Having seen a demo on Youtube, Status Quo and the Caroline is not that hard - an aim to play a reel like Trip To Durrow on Guitar melody line would be far harder but some attempts at folk are more natural to me than say rock and so we could go on...


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Subject: RE: Playing the guitar
From: Big Al Whittle
Date: 17 Sep 18 - 12:37 PM

a chromatic tuner should sort out tuning.


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Subject: RE: Playing the guitar
From: GUEST,Tunesmith
Date: 17 Sep 18 - 02:10 PM

Interestingly, I would say that it's easier to get into learning classical guitar - in the early stages, than folk guitar.
Why? Well, most folk guitar players will begin by learning chords which involves moving a number of fretting hand fingers simultaneously whereas beginning students on classical guitar tend to start by playing simple melodies one note at a time.


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Subject: RE: Playing the guitar
From: punkfolkrocker
Date: 17 Sep 18 - 03:08 PM

I'd guess most kids first learn simple blues/rock guitar riffs these days...


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Subject: RE: Playing the guitar
From: The Sandman
Date: 17 Sep 18 - 03:22 PM

Subject: RE: Playing the guitar
From: punkfolkrocker - PM
Date: 17 Sep 18 - 03:08 PM

I'd guess most kids first learn simple blues/rock guitar riffs these days..."
Sorry, what has kids got to do with this, ake is asking for some help regarding plying melody or scottish pipe tunes not blues or rock guitar,


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Subject: RE: Playing the guitar
From: Big Al Whittle
Date: 17 Sep 18 - 03:33 PM

whatever grabs your interest is easiest.

when you're bored, its hard.


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Subject: RE: Playing the guitar
From: GUEST,Tunesmith
Date: 17 Sep 18 - 03:49 PM

Big Al, what would be easier- for a beginner, learning to play the melody of " God Save The Queen"" one note at a time ( possibly only using one finger. and one thumb)) or learning to strum the chords to the same song?


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Subject: RE: Playing the guitar
From: punkfolkrocker
Date: 17 Sep 18 - 03:54 PM

Sanmdman - sorry sir.. I was out of line sir... how high do you want me to jump sir...!!!???


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Subject: RE: Playing the guitar
From: GUEST,akenaton
Date: 17 Sep 18 - 04:22 PM

Please don't fall out, this has been a great thread and I appreciate all your comments. I've printed out the thread and can follow the instructions from Sandman and others when time permits.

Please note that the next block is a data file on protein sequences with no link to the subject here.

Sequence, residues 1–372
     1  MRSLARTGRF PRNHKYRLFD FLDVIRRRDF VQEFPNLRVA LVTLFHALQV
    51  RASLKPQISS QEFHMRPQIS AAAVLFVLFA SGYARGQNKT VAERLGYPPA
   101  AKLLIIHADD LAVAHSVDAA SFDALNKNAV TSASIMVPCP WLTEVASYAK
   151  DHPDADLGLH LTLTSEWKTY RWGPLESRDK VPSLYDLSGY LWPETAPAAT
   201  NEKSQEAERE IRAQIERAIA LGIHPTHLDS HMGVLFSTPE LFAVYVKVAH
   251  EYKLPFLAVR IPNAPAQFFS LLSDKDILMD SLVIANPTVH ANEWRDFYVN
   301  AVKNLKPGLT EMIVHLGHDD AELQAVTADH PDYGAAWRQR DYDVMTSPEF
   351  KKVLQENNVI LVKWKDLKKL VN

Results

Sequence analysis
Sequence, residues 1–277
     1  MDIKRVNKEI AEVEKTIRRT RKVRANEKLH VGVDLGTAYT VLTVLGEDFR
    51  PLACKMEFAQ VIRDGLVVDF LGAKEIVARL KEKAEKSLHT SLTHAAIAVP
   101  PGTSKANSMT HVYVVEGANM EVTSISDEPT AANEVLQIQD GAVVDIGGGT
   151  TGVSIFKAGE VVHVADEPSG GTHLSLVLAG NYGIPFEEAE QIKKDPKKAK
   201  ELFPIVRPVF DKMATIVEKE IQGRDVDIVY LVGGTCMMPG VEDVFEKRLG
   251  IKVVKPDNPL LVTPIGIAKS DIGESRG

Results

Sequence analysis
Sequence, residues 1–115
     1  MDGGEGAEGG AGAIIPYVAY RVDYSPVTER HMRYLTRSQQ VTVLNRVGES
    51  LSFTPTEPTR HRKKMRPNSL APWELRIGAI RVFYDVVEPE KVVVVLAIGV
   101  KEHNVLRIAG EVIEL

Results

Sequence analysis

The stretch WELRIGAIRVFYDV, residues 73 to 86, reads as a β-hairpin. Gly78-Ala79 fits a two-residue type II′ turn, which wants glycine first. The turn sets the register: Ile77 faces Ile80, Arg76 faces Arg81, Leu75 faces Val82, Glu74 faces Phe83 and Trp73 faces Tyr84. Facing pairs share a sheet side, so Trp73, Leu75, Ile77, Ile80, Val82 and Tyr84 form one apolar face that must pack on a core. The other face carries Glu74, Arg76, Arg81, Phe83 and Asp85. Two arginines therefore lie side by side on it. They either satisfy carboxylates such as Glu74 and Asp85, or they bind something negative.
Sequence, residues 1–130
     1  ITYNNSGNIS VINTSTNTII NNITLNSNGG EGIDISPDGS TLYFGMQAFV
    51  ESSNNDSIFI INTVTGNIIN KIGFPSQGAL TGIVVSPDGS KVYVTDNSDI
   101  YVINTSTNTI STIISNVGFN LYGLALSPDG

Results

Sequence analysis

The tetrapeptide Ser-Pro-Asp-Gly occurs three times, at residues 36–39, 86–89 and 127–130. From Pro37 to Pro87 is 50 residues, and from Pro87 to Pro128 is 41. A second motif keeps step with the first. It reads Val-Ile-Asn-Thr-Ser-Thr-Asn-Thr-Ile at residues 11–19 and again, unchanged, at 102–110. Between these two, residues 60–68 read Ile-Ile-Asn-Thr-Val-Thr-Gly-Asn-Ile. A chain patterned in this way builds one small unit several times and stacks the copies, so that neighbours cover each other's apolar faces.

I only want to improve a little, no one will ever hear me except son no 4 who lives with me at present.
Since my wife's recent death I find making a little music a real comfort......Thank you all once again...Ake


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Subject: RE: Playing the guitar
From: Big Al Whittle
Date: 17 Sep 18 - 04:42 PM

I think its different strokes for different folks.
Some people have a good ear for melody, and find the individual notes easily - some (like me) dont.

Some people (like me) are complete tarts and just love getting the room singing - for that you need the persistence to learn a couple of (or even three) chords. And the resolve to sit through episodes of Inspector Morse, with your fingers holding down the G chord, the D7 and if you're really serious the C chord as well.

Also ( a guilty secret) even on your own - you can fantasise a roomful of singers, or fiddlers and concertina players if you learn tunes in your head.


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Subject: RE: Playing the guitar
From: voyager
Date: 17 Sep 18 - 04:48 PM

1st recollection of guitar instruction at the age of 16 - a room full of 100 people at UCLA (LA, CA) playing Libba Cotton's Freight Train. 50 years later, the train is still moving (own 4 guitars and play nightly).

Stories and Songs
voyager


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Subject: RE: Playing the guitar
From: The Sandman
Date: 17 Sep 18 - 05:08 PM

playing freight train is melody picking with fingers thumb uses basses basse, its easiest i find in c, yes i know libba cooten played upside down most people find it easiest to use conventionalpicking with index and middle playing melody
.the other way of picking with thumb is also easy in c and g ,